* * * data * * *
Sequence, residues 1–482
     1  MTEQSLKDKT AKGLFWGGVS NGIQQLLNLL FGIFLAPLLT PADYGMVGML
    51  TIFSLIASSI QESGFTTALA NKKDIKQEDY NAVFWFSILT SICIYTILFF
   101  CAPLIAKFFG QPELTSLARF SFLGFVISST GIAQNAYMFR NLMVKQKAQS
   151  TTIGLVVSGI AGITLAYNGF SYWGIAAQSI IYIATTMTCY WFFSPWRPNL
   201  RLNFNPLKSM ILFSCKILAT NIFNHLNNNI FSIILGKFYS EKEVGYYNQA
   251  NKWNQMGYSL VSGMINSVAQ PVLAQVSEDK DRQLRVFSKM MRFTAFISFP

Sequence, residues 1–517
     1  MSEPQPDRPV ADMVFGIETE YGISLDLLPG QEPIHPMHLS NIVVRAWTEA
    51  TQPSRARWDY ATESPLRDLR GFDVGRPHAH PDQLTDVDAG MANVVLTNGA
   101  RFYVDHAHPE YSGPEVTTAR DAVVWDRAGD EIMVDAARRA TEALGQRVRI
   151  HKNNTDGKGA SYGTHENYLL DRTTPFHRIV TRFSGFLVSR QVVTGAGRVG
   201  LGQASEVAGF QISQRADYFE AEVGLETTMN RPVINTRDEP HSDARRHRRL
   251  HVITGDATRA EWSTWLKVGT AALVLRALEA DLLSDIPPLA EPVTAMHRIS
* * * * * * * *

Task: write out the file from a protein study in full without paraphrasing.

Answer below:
Sequence, residues 1–482
     1  MTEQSLKDKT AKGLFWGGVS NGIQQLLNLL FGIFLAPLLT PADYGMVGML
    51  TIFSLIASSI QESGFTTALA NKKDIKQEDY NAVFWFSILT SICIYTILFF
   101  CAPLIAKFFG QPELTSLARF SFLGFVISST GIAQNAYMFR NLMVKQKAQS
   151  TTIGLVVSGI AGITLAYNGF SYWGIAAQSI IYIATTMTCY WFFSPWRPNL
   201  RLNFNPLKSM ILFSCKILAT NIFNHLNNNI FSIILGKFYS EKEVGYYNQA
   251  NKWNQMGYSL VSGMINSVAQ PVLAQVSEDK DRQLRVFSKM MRFTAFISFP

Sequence, residues 1–517
     1  MSEPQPDRPV ADMVFGIETE YGISLDLLPG QEPIHPMHLS NIVVRAWTEA
    51  TQPSRARWDY ATESPLRDLR GFDVGRPHAH PDQLTDVDAG MANVVLTNGA
   101  RFYVDHAHPE YSGPEVTTAR DAVVWDRAGD EIMVDAARRA TEALGQRVRI
   151  HKNNTDGKGA SYGTHENYLL DRTTPFHRIV TRFSGFLVSR QVVTGAGRVG
   201  LGQASEVAGF QISQRADYFE AEVGLETTMN RPVINTRDEP HSDARRHRRL
   251  HVITGDATRA EWSTWLKVGT AALVLRALEA DLLSDIPPLA EPVTAMHRIS